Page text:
The spirit within one's body may appear in just his face, and the spirit within his face may appear in just his eyes. Included within the word Japan is all that is within the country's sixty-six provinces: all of the people and animals, the rice paddies and other fields, those of high and low status, the nobles and the commoners, the seven kinds of gems and all other treasures. Similarly, included within the title, Nam-myoho-renge-kyo, is the entire sutra consisting of all eight volumes, twenty-eight chapters and 69,384 characters without exception. Concerning this, Po Chu-i stated that the title is to the sutra as eyes are to the Buddha. In the eighth volume of his Hokke Mongu Ki, Miao-lo stated that T'ien-t'ai's Hokke Gengi explains only the title, but that the entire sutra is thereby included. By this he meant that, although the text was omitted, the entire sutra was contained in the title alone. Everything has its essential point, and the heart of the Lotus Sutra is its title, Nam-myoho-renge-kyo. Truly, if you chant this in the morning and evening, you are correctly reading the entire Lotus Sutra. Chanting daimoku twice is the same as reading the entire sutra twice, one hundred daimoku equal one hundred readings of the sutra, and a thousand daimoku, a thousand readings of the sutra. Thus if you ceaselessly chant daimoku, you will be continually reading the Lotus Sutra. The sixty volumes of the T'ien-t'ai doctrine present exactly the same interpretation. A law this easy to embrace and this easy to practice was taught for the sake of all mankind in this evil age of the Latter Day of the Law. A passage from the Lotus Sutra reads, "During the Latter Day of the Law, if one wishes to teach this sutra, he should employ the mild way of propagation." Another reads, "In the Latter Day when the Law is about to perish, a person who embraces, reads and recites this sutra must abandon feelings of envy and deceit." A third states, "In the Latter Day of the Law, one who embraces this sutra will be carrying out all forms of service to the Buddha." A fourth reads, "In the fifth five hundred years after my death, accomplish worldwide kosen-rufu and never allow its flow to cease." The intent of all these teachings is the admonition to embrace and believe in the Lotus Sutra in this Latter Day of the Law. The heretical priests in Japan, China and India have all failed to comprehend this obvious meaning. The Nembutsu, Shingon, Zen and Ritsu sects follow either the Hinayana or the provisional Mahayana teachings but have discarded the Lotus Sutra. They misunderstand Buddhism, but they do not realize their mistakes. Because they appear to be true priests, the people trust them without the slightest doubt. Therefore, without realizing it, both these priests and the people who follow them have become enemies of the Lotus Sutra and foes of Shakyamuni Buddha. From the viewpoint of the sutra, it is certain that not only will all their wishes remain unfulfilled, but their lives will be short and, after this life, they will be doomed to the hell of incessant suffering.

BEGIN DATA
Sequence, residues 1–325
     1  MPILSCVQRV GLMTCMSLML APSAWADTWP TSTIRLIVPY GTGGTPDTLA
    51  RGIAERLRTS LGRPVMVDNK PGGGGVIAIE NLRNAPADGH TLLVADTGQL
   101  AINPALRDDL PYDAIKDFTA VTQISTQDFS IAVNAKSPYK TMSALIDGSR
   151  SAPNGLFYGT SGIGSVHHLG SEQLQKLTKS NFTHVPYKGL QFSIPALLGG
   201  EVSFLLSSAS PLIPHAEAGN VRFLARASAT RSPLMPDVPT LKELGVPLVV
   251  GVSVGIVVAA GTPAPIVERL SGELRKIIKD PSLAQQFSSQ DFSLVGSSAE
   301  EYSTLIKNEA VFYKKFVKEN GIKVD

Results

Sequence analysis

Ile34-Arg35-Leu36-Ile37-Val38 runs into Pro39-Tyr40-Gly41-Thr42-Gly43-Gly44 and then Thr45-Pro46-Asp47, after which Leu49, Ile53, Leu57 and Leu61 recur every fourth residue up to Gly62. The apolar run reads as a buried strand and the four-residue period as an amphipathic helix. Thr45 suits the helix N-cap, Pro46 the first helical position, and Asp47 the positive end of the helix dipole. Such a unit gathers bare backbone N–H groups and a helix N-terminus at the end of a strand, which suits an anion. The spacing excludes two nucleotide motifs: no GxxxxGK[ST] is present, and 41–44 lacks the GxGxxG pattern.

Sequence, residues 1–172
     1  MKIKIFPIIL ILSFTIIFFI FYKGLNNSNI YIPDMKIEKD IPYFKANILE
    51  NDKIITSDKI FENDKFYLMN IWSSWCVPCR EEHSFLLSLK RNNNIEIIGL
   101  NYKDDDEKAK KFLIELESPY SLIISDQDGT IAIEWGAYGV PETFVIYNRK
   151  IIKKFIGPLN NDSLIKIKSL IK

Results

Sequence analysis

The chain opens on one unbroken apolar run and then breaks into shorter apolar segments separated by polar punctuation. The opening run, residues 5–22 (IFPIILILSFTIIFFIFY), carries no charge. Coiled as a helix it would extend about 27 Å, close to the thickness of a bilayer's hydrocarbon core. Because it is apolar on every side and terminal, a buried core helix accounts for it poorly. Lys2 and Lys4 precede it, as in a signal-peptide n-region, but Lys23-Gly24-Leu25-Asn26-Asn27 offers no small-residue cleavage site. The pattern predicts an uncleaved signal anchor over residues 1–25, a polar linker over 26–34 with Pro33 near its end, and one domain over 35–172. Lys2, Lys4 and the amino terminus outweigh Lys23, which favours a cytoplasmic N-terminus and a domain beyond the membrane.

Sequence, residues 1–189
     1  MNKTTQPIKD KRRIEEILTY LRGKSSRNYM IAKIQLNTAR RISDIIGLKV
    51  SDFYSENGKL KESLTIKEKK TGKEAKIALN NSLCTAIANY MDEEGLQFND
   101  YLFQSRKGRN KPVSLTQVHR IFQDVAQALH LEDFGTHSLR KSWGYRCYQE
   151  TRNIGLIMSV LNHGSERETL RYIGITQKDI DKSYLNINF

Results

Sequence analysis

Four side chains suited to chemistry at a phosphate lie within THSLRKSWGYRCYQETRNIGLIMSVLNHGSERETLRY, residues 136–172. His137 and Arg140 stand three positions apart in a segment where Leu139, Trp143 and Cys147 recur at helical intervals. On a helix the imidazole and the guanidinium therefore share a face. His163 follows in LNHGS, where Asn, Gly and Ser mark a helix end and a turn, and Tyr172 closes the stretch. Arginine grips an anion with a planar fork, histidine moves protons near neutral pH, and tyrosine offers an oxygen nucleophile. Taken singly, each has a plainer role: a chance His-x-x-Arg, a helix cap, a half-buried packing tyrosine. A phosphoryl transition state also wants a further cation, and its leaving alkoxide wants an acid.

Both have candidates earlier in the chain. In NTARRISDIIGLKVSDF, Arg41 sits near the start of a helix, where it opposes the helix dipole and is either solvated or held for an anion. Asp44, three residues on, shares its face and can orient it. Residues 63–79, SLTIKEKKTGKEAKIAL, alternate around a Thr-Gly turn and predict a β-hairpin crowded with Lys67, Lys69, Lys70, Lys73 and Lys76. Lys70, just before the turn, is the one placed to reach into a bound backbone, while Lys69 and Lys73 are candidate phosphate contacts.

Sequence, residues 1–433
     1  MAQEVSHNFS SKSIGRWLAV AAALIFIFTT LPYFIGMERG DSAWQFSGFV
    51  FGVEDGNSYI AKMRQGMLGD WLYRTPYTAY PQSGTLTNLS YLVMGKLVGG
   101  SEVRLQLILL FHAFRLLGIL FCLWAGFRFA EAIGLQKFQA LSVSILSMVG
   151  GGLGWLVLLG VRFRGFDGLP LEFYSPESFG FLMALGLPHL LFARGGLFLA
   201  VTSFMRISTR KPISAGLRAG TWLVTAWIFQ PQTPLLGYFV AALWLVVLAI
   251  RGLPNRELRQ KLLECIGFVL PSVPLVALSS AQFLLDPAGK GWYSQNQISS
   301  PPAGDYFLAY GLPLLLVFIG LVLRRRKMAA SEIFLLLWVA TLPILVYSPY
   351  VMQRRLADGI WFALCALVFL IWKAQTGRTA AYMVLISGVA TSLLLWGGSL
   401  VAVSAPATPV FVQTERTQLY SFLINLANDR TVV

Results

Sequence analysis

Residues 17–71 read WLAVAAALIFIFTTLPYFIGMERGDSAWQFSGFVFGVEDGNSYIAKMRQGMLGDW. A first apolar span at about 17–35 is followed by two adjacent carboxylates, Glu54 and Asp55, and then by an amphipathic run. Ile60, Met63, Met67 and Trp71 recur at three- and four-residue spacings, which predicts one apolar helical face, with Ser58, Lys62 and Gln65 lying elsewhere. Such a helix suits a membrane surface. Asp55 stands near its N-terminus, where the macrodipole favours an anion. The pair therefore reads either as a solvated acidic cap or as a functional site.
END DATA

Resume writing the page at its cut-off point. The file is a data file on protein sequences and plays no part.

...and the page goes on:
Even though one neither reads nor studies the sutra, chanting the title alone is the source of tremendous good fortune. The sutra teaches that women, evil men, and those in the realms of Animality and Hell--in fact, all the people of the Ten Worlds--can attain Buddhahood. We can comprehend this when we remember that fire can be produced by a stone taken from the bottom of a river, and a candle can light up a place that has been dark for billions of years. If even the most ordinary things of this world are such wonders, then how much more wondrous is the power of the Mystic Law. The lives of human beings are fettered by evil karma, earthly desires and the inborn sufferings of life and death. But due to the three inherent potentials of Buddha nature--innate Buddhahood, the wisdom to become aware of it, and the action to manifest it--our lives can without doubt come to reveal the Buddha's three properties. The Great Teacher Dengyo declared that the power of the Lotus Sutra enables anyone to manifest Buddhahood. He stated this because even the Dragon King's daughter was able to attain Buddhahood through the power of the Lotus Sutra. Do not doubt this in the least. Let your husband know that I will explain this in detail when I see him.


The third day of the seventh month in the first year of Koan (1278).